CANNES France (Reuters) - Canadian David Cronenberg presented a director’s take on a Hollywood infected by taboo sex and backstabbing, plus a few ghosts, while Tommy Lee Jones turned the Western around for a perilous eastward trek with madwomen at Cannes on Sunday.
Jones’s “The Homesman” and Cronenberg’s “Maps to the Stars” screened the same day that Sylvester Stallone, Arnold Schwarzenegger, Mel Gibson, Harrison Ford and other cast members from “The Expendables 3” rode in tanks in the Mediterranean seaside town, lending star power to the festival.
“Crash” and “The Fly” director Cronenberg’s look behind the tinsel of Hollywood was the second competition film shown on the fifth day of the 12-day festival, giving it a heavily North American flavor.
One critic for a major trade publication, who did not want to be quoted by name before a review appeared in print, said Cronenberg’s film was “very disappointing and very uneven”. It stars “Twilight” idol Robert Pattinson as a Hollywood wannabe working as a chauffeur and Mia Wasikowska as a schizophrenic.
The Hollywood Reporter trade publication called Jones’s film “an absorbing, melancholy look at the hard lot of women in the Old West”. It co-stars Jones and two-time Oscar best-actress winner Hilary Swank as a team escorting the madwomen.
The Cannes awards, including the top Palme d’Or prize for best picture at the world’s most prestigious film festival, will be given on May 24.
Of the main competition films shown since the festival opened on Wednesday, Turkish director Nuri Bilge Ceylan’s “Winter Sleep” and British director Mike Leigh’s “Mr Turner” are tied with the highest rankings in a compilation of opinions of international critics by Screen International magazine. Both get ratings of 3.6 stars out of a possible 4.
“Maps to the Stars”, with a screenplay by Los Angeles writer and actor Bruce Wagner, features a cast of twisted characters. They include a child actor recovering from a drug habit, his schizophrenic sister, their ambitious parents who have a dark secret, and a has-been actress who is desperate to re-create a role played by her mother, who died in a fire.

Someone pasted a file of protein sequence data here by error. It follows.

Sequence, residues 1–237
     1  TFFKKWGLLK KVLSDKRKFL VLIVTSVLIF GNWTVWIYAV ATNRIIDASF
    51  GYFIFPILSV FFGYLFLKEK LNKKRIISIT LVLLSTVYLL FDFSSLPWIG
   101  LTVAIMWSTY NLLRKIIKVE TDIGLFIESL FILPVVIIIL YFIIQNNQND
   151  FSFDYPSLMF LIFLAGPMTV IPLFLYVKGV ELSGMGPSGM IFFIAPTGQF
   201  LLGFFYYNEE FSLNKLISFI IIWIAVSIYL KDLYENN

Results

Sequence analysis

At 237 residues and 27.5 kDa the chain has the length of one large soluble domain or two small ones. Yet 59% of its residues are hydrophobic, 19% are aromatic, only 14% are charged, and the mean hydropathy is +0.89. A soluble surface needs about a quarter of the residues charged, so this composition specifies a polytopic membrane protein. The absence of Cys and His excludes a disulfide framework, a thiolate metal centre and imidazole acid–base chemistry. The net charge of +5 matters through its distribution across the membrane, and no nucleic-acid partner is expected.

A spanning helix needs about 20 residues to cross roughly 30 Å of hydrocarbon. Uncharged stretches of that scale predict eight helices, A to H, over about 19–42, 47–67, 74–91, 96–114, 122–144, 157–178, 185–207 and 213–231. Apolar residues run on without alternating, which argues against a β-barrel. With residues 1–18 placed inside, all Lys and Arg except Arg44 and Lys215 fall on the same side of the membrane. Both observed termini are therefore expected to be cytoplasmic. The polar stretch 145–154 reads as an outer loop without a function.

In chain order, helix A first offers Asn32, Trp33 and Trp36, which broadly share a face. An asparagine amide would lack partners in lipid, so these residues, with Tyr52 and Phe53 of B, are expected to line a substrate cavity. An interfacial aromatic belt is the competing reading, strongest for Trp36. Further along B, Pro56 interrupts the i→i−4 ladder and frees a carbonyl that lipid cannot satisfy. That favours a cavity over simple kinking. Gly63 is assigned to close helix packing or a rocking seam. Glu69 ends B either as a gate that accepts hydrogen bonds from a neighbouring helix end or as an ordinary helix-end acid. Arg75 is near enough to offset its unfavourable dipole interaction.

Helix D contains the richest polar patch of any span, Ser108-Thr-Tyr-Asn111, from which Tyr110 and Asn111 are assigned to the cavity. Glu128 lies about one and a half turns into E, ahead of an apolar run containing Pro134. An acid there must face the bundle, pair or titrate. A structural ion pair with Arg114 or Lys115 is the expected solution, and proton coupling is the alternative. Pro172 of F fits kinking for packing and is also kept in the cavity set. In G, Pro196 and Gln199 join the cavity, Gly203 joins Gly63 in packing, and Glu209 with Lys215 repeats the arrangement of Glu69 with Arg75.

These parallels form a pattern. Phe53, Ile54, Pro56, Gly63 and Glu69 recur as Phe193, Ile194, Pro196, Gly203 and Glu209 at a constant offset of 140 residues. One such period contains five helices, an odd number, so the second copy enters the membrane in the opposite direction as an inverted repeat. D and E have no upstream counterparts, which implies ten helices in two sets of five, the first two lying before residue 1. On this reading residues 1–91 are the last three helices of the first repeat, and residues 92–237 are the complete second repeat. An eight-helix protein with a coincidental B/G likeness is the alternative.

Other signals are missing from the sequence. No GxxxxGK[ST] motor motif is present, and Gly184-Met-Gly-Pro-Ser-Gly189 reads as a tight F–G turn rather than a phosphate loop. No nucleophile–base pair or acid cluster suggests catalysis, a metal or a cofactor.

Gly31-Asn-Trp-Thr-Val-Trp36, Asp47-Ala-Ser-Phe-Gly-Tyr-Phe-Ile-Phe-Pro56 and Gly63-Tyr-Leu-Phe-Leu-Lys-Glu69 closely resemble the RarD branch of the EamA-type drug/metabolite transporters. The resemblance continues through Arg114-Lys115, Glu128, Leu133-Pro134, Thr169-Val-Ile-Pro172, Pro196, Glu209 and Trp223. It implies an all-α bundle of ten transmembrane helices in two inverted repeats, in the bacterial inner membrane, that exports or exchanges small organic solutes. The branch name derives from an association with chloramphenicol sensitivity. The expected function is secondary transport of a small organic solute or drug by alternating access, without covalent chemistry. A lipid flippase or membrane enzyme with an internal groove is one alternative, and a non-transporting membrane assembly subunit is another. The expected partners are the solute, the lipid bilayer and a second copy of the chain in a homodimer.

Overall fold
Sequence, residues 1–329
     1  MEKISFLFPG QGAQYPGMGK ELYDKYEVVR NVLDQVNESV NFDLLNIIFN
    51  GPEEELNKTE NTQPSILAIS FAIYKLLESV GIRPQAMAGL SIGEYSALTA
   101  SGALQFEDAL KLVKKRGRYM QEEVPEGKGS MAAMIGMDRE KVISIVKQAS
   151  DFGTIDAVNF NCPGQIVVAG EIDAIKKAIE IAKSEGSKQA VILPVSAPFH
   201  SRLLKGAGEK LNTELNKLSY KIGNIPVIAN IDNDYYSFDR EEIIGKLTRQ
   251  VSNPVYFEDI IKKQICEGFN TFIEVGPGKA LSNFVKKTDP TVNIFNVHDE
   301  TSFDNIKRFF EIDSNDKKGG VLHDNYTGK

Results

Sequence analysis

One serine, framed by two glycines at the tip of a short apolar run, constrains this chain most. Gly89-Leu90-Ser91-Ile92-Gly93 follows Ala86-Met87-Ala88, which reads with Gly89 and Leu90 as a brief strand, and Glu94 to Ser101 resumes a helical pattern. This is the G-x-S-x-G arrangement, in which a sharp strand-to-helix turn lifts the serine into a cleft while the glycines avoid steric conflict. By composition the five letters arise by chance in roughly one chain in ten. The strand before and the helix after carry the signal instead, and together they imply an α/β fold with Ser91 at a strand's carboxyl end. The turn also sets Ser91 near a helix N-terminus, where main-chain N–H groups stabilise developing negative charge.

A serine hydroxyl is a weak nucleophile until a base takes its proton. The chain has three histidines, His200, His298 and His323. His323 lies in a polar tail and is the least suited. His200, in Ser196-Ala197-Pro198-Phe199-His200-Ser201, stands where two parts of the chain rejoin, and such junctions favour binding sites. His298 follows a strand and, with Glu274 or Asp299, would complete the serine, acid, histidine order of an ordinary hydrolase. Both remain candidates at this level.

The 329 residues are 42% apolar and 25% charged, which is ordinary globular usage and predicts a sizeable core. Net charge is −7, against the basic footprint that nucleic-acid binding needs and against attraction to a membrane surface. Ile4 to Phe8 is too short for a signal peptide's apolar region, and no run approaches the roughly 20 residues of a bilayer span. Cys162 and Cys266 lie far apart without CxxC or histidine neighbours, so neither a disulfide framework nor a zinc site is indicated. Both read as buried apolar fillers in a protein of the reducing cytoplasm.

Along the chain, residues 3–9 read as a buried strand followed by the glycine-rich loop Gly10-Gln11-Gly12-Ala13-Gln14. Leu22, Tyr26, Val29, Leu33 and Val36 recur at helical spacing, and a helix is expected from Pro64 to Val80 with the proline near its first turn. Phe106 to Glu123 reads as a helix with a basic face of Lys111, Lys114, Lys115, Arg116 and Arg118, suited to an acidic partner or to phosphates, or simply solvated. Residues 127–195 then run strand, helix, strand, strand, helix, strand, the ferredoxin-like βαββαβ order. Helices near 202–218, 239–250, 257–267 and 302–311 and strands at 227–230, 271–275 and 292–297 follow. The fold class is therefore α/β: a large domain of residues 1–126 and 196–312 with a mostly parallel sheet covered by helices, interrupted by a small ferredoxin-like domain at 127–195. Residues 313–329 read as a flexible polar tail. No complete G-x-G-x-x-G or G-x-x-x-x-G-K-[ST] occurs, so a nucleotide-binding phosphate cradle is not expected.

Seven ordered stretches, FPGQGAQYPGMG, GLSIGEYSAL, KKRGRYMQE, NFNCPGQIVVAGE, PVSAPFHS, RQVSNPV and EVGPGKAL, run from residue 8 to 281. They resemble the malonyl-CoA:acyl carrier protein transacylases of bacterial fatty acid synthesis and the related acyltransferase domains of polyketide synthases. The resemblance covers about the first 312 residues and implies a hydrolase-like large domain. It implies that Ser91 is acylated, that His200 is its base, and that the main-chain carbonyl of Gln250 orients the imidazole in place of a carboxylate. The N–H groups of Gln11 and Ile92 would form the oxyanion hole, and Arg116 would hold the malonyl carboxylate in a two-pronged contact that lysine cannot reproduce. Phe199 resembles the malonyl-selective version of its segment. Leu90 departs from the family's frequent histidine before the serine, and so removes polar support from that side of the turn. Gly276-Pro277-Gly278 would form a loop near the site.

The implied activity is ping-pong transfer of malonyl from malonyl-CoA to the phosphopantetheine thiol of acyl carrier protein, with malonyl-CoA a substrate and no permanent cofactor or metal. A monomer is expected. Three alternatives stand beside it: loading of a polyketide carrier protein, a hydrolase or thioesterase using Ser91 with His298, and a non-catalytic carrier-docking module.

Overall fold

Ghosts of the actress’s mother, a drowned child and a girl who died in hospital shortly after a visit from the child actor give the film a supernatural patina, suggesting that Hollywood is not just a city of dreams but of nightmares.
Little more can be revealed that would not be a spoiler.
Based on a novel by Glendon Swarthout, “The Homesman” includes the usual gunfights and hostile Indians, though at a press conference Jones rejected the idea that the portrayal of native Americans was a “stereotype”.
The people playing the Indians were “all native Americans, they were all of Pueblo descent”, Jones said. Even the costumes they wore were thoroughly researched to help them look like the hostile Pawnees they portray in the movie.
“I’m not ashamed of the fact that they were considered by our characters to be potentially homicidal. We were not bending the truth at all or stereotyping anybody,” he said.
What is unusual is the stark portrayal of the extreme hardships faced by young women trying to survive, raise families and cope with extreme weather and disease. One of the madwomen had three babies die of diphtheria.
Nebraska, where the movie is set, was “not a really inviting place for a woman of the Victorian era”, Jones said.
Asked what it was like acting and directing, Jones said: “As the director I can tell you I did everything I tell myself to do and as an actor I listen very carefully.”
Swank plays Mary Bee Cuddy, an unmarried woman whose farm is successful but who cannot find a husband and agrees to lead the wagon trip to take the madwomen east with Jones. She said the role showed how resourceful frontier women had to be.
“We’re talking about a time that was extreme in every way,” Swank said. “It was a hard, hard time, a hard place to live - the elements, the idea of doing it alone, the idea of wanting a partner to share in it, someone to love, someone to have her back.”
Conditions on location in New Mexico during the winter drove home for her how hard life had been, Swank said.
“When it was cold it was freezing, when it was windy you had sand in your nose and your ears and your mouth.”
Additional reporting by Alexandria Sage; Editing by Eric Walsh